Washington, D.C.– The Bipartisan Policy Center today updated its debt limit projections, which now show that absent congressional action, the Treasury Department will no longer be able to pay all of its bills in full and on time at some point in October or November this year. This is the updated range for what BPC calls the debt limit “X Date.”
The suspension of the federal debt limit expires on March 16, 2017, resetting the limit at around $20 trillion. At that time, the Treasury’s outstanding debt will be up against the limit, forcing the Treasury secretary to take so-called “extraordinary measures” in order to avoid missing or delaying federal payments. Once those measures are exhausted, the Treasury would only be able to pay its bills using the cash in its bank account and incoming tax receipts.
The “X Date” would be reached at the point those funds prove insufficient and Treasury would be forced to default on some of its obligations. Unless legislative action resolves the approaching “X Date,” the costs to the American taxpayer will accumulate even in the weeks and months leading up to this time frame.
The possibility of major fiscal policy changes this year and heightened volatility around tax revenues mean that any projections have a higher level of uncertainty this time around.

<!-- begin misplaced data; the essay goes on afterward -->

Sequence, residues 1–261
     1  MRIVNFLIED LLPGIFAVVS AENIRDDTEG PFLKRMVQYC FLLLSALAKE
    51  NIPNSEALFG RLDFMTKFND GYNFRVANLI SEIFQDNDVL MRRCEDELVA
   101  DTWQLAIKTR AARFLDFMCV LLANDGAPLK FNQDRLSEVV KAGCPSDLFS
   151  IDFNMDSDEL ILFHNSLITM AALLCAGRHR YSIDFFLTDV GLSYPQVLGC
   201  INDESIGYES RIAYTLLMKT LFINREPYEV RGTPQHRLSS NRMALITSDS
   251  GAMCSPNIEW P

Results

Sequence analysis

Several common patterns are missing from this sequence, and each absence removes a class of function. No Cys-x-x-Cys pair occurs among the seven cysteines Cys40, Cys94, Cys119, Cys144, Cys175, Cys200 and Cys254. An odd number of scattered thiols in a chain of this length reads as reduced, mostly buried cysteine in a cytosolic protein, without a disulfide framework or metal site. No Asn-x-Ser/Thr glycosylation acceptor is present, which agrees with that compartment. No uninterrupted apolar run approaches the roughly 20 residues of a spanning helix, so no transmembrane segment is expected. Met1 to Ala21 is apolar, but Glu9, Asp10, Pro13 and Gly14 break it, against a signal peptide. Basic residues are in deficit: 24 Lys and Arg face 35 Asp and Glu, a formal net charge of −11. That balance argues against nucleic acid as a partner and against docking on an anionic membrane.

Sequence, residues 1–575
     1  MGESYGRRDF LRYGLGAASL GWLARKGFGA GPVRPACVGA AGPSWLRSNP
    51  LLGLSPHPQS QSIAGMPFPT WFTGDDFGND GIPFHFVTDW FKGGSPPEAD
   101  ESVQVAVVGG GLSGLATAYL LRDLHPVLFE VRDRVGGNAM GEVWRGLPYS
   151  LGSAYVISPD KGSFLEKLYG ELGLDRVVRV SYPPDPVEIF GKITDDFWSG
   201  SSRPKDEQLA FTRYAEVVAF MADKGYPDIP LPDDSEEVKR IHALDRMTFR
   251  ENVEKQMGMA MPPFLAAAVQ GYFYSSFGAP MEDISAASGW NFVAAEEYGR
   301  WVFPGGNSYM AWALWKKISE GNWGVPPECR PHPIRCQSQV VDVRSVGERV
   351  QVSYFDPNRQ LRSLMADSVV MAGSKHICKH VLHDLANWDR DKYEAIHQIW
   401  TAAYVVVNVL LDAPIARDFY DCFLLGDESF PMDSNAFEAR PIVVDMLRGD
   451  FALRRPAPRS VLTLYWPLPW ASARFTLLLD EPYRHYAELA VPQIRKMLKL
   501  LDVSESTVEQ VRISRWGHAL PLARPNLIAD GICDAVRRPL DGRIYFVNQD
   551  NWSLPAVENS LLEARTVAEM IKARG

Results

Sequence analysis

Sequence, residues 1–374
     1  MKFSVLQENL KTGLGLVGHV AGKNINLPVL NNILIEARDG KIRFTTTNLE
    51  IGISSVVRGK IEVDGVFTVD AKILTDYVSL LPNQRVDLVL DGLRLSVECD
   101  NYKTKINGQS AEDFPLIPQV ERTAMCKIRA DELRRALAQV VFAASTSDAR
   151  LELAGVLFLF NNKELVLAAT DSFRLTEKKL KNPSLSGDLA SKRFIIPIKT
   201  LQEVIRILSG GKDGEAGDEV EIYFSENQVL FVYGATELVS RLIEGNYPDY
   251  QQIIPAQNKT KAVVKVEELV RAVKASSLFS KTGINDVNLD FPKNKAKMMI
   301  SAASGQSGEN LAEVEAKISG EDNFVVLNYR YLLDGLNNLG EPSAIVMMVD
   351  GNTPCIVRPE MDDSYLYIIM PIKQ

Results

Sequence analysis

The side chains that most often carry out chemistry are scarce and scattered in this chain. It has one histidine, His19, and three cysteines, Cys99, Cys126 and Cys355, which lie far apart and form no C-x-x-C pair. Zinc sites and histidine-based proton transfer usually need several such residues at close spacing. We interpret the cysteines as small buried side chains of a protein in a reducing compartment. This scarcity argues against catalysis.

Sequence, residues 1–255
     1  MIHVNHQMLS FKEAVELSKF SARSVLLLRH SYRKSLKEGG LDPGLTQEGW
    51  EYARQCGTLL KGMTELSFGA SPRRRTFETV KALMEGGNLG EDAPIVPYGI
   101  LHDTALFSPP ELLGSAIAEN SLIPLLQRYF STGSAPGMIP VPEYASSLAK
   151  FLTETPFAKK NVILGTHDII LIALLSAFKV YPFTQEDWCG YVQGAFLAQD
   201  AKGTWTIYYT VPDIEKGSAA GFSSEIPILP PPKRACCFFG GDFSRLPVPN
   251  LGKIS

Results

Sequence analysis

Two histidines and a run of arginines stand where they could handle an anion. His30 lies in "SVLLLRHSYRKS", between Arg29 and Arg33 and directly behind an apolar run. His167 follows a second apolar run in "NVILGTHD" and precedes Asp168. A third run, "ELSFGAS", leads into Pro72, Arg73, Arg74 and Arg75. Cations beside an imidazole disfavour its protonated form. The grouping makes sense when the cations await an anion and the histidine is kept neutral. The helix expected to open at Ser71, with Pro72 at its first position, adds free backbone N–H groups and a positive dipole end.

“The possibility of major fiscal policy changes this year and heightened volatility around tax revenues mean that any projections have a higher level of uncertainty this time around. But the fact is that this date will be reached if no action is taken by policymakers,” Shai Akabas, BPC fiscal policy director, said.
One particular danger point is the large payments owed to government trust funds that typically fall on the first business day of the new fiscal year – October 2 in 2017.
“Policymakers should address the debt limit well in advance of the ‘X-Date’ range if they want to guarantee that the Treasury can continue to pay all of its bills in full and on time,” Akabas said. “Such action would also minimize the risks and costs to taxpayers that grow by the day.”
As always, BPC’s projections are based on historic data and current policies, and are subject to change based on economic and policy developments. We will update these projections when appropriate.
Shai Akabas is available for comment.
Other Resources: The Debt Limit Explained